Must-Do Couples Hammam in Marrakech :  What Why and How?

Created by Colleen Sims | Updated : 10 March 2024 |

I’d read that no visit to Morocco would be complete without experiencing a traditional hammam.

While spa days and massages might not typically be our thing, the idea of an ancient cleansing ritual with promises of rejuvenation was rather compelling.

If, like me, you’re apprehensive about a public hammam and prefer to protect your modesty then fear not.   We found a private spa in the heart of the medina, offering an opportunity to experience this centuries-old tradition with a Hammam in Marrakech, tailored for couples as well as solo visitors.

two hammam spa robes waiting for us as we entered the changing room during our traditional hammam in Marrakech

What Is A Traditional Moroccan Hammam?

A traditional Moroccan hammam is a public bathhouse; quite literally a place where folks went to wash.  Historically homes didn’t have hot water, plumbing or baths and the hammam offered a practical solution. 

People would visit to bathe but also to wash before prayer.  Hammams became social centres, they grew in popularity and started to appear close-by or even within mosques.  Indeed, the idea of cleaning and religion isn’t unique to Islam; I remember my Mum telling me that cleanliness was next to Godliness. I’m not sure that was true of my ten-year-old self but it was certainly a commonly used expression I remember from childhood.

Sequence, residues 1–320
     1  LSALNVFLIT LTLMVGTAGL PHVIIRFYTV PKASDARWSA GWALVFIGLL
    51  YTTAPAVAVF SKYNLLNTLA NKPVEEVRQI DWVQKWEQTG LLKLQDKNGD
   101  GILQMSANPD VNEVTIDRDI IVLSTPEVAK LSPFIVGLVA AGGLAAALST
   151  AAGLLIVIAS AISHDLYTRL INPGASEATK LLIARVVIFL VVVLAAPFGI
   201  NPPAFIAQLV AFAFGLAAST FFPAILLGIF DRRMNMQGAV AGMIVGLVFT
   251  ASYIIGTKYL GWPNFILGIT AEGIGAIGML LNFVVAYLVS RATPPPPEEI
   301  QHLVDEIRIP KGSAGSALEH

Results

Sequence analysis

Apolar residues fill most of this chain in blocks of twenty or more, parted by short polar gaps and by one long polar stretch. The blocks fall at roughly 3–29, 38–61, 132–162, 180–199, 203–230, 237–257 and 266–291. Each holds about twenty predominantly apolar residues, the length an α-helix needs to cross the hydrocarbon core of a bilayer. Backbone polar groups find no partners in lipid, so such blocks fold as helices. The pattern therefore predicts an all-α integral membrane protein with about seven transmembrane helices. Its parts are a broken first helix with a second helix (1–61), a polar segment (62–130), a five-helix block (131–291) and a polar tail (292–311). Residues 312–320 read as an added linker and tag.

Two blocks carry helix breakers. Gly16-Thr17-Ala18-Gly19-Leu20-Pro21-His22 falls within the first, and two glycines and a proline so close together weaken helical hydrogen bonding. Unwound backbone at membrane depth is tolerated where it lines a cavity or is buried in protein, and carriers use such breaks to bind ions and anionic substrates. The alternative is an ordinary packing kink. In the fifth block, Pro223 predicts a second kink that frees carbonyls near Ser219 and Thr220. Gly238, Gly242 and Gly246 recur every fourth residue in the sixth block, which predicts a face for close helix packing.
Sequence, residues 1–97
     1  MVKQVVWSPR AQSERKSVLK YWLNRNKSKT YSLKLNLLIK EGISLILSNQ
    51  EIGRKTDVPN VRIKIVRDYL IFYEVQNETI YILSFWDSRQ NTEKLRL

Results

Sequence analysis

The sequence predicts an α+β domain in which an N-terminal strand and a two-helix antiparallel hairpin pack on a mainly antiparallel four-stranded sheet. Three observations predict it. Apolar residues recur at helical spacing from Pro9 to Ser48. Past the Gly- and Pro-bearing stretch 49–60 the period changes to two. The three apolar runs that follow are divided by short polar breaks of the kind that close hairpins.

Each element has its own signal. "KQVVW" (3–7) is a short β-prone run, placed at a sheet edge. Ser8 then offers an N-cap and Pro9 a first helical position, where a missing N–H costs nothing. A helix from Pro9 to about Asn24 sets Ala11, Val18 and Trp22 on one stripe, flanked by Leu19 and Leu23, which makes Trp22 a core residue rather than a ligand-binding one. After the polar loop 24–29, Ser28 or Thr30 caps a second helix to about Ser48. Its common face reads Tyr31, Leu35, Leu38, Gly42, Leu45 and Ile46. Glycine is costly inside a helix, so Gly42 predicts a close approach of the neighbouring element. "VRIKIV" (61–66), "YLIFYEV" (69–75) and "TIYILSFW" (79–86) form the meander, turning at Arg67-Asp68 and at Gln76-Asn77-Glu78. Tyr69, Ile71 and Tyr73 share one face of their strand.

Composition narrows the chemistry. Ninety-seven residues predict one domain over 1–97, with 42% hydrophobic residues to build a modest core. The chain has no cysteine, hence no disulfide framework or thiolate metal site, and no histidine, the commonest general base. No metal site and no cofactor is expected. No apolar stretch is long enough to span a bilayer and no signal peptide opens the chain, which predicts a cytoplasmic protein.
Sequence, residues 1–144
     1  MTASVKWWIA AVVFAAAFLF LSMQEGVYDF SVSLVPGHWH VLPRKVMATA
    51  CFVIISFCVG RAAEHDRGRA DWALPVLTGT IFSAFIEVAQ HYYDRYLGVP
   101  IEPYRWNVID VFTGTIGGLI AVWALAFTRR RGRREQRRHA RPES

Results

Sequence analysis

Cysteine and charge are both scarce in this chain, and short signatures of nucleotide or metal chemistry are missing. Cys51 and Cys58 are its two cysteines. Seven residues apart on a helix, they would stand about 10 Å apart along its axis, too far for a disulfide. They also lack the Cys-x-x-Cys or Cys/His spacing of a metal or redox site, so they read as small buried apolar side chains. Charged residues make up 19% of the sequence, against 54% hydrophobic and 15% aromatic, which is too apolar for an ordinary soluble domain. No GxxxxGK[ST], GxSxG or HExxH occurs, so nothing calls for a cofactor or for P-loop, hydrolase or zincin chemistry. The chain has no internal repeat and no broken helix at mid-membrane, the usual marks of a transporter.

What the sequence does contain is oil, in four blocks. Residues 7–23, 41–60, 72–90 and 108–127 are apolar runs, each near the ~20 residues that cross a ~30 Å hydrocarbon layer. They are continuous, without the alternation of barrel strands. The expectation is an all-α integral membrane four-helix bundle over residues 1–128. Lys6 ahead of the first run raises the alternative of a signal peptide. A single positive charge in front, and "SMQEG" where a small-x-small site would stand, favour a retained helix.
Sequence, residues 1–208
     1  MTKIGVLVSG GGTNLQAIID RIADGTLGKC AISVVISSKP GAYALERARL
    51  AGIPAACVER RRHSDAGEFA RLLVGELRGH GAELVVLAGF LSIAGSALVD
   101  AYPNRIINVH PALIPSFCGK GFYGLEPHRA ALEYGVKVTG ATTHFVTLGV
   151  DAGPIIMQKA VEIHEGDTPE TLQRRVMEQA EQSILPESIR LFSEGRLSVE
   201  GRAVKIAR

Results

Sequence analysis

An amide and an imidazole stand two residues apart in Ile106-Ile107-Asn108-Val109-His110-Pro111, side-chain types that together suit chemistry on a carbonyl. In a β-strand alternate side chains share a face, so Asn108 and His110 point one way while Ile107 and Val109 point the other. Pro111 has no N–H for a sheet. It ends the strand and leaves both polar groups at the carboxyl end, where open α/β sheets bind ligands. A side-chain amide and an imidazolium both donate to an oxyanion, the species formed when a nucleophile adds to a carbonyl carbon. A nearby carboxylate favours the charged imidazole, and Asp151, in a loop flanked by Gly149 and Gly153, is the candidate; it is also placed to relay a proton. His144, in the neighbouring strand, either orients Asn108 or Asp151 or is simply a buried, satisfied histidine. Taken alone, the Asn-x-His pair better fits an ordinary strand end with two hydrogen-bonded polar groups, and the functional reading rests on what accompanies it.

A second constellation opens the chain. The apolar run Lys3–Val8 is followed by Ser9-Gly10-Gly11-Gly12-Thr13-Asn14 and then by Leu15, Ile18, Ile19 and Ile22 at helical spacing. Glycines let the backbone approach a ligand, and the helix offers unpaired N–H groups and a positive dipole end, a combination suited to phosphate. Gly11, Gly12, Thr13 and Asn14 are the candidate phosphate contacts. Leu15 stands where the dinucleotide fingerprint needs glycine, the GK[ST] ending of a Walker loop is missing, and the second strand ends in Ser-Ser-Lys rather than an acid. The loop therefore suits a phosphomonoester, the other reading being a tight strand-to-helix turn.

Hammams became associated with good health and people felt better for the experience.  Then as now, it was recognised that sweating, cleansing, scrubbing and circulation-aiding-massage is good for us.

Today they are as popular as ever and there are still a few traditional hammams in the heart of the Medina in Marrakech.  If like us you’re not quite that adventurous but would still love to experience a Moroccan hammam worry not; there are a number of excellent private hammam experiences available.

interior of a private spa and hammam in Marrakech

How Does A Moroccan Hammam Differ From A Turkish Bath?

Hot baths have existed for millennia.  While the Romans are famous for their elaborate bathhouses, the idea of bathing is much older.

The Great Bath in the ancient city of Mohenjo-Daro, in the Indus Valley in Pakistan is thought to date back almost 5000 years.  Bathtubs and washing facilities were commonly used by Ancient Greeks and the ancient Egyptians.